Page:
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Started by Mike Holmes, May 02, 2002, 12:24:00 PM
Quote from: Mike HolmesThis one's title may be misleading. I am not An associated problem that I often refer to the GURPS problem (as it is possibly the most talked about problem on the Newsgroups associated with that game) will help to illustrate the . In GURPS CharGen, characters often get made in a specific way because it is cost effectiove to do so. Specifically, if you have a certain number of skills that default to a particular statistic, it becomes cheaper to increase your statistic, thereby increasing your skills, than to raise the skills themselves. Thus players are encoraged to create characters with high stats and low skill proficiency. If you don't believe me ask the designers who see it as a design feature. They claim that this helps create better "Beginnig" characters. You can buy this, but it begs the question, "What about non-beginning characters?" It's just a dubious statement all around, and a justification for what is actually a fault in the system.
QuoteWell, what does this mean? It means that you cannot use a system where skills default to stats and still have fixed values for both, without creating an optimum min/maxing opportunity. Which means that players have an incentive to make all their characters in a similar fashion. In GURPS it means that characters will often have high DEX and/or IQ stats and low amounts of skill.
Quote from: Seth L. BlumbergAnother possibility is to relate stats and skills such that the stat connected to a skill becomes a cap on the skill's maximum level, rather than contributing directly to the skill. In some versions of FUDGE, I believe stats are used to determine the point at which buying skills becomes more expensive, so that a high stat makes high skills cheaper but doesn't actually increase skill levels.Unfortunately, this does not work in practice, as it means that high-stat characters tend to be better at the things for which they have not bought skills (because they can roll against their stats).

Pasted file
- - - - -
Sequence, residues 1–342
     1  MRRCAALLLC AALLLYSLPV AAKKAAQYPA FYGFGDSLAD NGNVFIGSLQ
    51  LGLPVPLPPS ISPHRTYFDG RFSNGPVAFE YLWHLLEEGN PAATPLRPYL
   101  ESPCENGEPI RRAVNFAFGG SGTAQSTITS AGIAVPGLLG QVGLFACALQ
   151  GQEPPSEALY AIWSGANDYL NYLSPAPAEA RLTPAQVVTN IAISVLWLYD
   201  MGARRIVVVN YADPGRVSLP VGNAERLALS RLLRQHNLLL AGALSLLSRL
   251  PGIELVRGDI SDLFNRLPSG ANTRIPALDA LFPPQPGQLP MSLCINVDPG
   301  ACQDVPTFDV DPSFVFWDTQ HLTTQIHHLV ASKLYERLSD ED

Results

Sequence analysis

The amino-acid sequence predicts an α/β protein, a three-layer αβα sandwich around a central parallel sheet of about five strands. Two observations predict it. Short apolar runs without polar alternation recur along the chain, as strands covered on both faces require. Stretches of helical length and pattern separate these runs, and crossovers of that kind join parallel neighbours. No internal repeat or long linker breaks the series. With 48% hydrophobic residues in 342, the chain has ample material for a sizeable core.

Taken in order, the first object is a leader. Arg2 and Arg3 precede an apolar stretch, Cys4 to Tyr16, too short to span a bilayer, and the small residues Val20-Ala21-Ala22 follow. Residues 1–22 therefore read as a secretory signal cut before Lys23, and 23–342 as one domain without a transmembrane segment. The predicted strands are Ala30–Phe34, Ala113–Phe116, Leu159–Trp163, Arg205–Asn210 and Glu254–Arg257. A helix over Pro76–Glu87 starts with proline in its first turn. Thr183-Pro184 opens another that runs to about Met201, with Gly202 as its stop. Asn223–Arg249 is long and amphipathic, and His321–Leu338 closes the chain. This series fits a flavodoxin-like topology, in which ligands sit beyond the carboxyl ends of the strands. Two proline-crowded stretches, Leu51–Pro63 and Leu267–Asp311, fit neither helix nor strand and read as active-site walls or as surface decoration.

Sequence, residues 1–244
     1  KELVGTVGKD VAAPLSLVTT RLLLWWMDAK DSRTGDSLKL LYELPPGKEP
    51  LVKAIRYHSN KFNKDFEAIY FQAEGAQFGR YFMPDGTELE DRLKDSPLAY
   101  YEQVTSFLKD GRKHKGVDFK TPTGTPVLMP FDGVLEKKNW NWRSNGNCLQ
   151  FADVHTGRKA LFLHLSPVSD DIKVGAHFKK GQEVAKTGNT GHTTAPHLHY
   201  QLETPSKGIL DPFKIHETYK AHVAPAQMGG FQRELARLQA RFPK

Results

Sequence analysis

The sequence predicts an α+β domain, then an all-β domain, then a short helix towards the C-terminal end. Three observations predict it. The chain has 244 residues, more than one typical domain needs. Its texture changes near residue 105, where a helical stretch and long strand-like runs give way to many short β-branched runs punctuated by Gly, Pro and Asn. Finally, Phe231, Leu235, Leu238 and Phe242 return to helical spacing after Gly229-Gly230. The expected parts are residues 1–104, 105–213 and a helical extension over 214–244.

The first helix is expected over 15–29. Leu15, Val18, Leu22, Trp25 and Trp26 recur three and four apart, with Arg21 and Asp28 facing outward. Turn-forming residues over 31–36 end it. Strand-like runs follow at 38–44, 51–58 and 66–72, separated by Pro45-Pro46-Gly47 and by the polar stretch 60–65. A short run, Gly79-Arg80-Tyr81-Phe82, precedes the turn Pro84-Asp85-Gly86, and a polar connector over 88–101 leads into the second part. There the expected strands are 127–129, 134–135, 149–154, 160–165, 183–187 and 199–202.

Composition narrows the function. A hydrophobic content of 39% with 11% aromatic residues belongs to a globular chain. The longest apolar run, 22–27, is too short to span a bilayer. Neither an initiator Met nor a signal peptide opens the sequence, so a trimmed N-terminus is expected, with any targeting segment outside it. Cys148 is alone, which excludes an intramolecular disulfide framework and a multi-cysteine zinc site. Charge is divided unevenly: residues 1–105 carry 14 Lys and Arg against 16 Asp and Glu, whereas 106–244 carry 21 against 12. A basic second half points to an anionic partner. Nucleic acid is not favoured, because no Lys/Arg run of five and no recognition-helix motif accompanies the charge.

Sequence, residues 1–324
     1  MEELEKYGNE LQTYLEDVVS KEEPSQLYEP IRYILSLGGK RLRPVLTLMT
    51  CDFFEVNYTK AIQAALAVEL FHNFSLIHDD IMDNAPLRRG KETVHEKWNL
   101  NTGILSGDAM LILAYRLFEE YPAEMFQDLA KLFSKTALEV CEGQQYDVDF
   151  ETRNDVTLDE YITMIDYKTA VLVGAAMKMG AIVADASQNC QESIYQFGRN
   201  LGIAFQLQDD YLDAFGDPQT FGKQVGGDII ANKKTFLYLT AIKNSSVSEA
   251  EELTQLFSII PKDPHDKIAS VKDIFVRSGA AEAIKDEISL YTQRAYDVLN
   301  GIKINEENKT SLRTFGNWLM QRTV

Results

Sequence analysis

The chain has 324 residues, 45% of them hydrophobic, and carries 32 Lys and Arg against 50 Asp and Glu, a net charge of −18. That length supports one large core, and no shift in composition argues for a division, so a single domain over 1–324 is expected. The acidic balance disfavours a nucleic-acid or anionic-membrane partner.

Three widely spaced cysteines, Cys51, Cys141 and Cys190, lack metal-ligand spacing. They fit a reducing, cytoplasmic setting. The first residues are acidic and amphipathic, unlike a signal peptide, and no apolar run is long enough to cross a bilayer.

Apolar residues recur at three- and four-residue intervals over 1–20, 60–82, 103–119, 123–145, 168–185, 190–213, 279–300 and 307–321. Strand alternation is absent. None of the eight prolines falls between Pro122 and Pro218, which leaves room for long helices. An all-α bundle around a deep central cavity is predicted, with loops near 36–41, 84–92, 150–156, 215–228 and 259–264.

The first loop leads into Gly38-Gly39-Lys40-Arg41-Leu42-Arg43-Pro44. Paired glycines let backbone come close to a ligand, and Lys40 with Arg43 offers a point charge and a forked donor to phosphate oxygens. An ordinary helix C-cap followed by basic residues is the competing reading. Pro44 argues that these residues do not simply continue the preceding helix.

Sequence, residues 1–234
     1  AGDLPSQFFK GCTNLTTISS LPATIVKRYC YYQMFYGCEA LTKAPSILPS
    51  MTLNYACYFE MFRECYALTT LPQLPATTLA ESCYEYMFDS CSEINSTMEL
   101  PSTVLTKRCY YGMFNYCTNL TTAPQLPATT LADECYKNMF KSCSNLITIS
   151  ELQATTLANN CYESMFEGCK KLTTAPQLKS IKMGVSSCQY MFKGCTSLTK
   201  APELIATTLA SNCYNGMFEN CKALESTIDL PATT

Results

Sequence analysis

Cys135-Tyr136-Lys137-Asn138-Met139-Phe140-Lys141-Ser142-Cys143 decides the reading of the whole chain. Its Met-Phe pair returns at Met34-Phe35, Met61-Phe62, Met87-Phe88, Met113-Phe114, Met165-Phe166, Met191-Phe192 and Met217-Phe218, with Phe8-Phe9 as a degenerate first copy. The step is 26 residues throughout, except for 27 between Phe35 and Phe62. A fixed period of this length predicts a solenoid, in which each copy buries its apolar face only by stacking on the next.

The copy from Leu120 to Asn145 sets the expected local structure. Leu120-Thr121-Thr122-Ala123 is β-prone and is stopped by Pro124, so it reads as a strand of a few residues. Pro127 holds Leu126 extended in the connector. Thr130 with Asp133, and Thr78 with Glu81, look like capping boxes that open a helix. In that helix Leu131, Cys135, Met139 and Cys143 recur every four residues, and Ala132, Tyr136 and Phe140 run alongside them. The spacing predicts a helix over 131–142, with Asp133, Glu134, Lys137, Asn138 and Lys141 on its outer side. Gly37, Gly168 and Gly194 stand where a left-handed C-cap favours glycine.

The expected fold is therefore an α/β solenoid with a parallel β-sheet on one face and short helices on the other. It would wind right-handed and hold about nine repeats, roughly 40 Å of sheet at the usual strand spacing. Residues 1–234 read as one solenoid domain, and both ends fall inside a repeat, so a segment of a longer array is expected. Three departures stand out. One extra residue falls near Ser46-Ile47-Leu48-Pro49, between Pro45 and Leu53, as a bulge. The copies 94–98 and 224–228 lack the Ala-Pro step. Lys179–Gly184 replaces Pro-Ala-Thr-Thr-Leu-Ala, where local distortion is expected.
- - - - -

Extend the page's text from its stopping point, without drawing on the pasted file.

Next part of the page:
Quote from: Mike HolmesRalph, Randomizing one portion falls under the Splitting Pools as I enumerated it above. Yes, this works, but it eliminates some freedom.
Quote from: Ron EdwardsHello,I suggest that randomized character creation often results in multiple characters being made, either simultaneously or sequentially, until a "good" one results. If a Currency problem exists based on the interactions of (say) Attributes and Skills, then the same issues of canalizing playable character concepts remain in place, even though this system is not point-allocation-based.Best,ron
QuoteAs long as you are not using random generation methods that are so generous as to pretty much be defacto "take the scores you like" the problem is largely dealt with.
Quote from: Mike HolmesWell, that's only to be really good. There is still an exchange rate as long as your total effectiveness is less than 5 dice. The rate wil still come into play as a player will not likely be really good at everything. Anyhow, this is just limiting a character. Why not allow higher ratings (in act, they do, don't they for NPCs)? Because it makes the min/maxing easier. So to fix the problem we break it in another way. Not good. Hero system tried this with a soft limit called Normal Human Characteristic Maxima for non-superheroic games. Which just makes the rate harder to calculate, it doesn't eliminate it.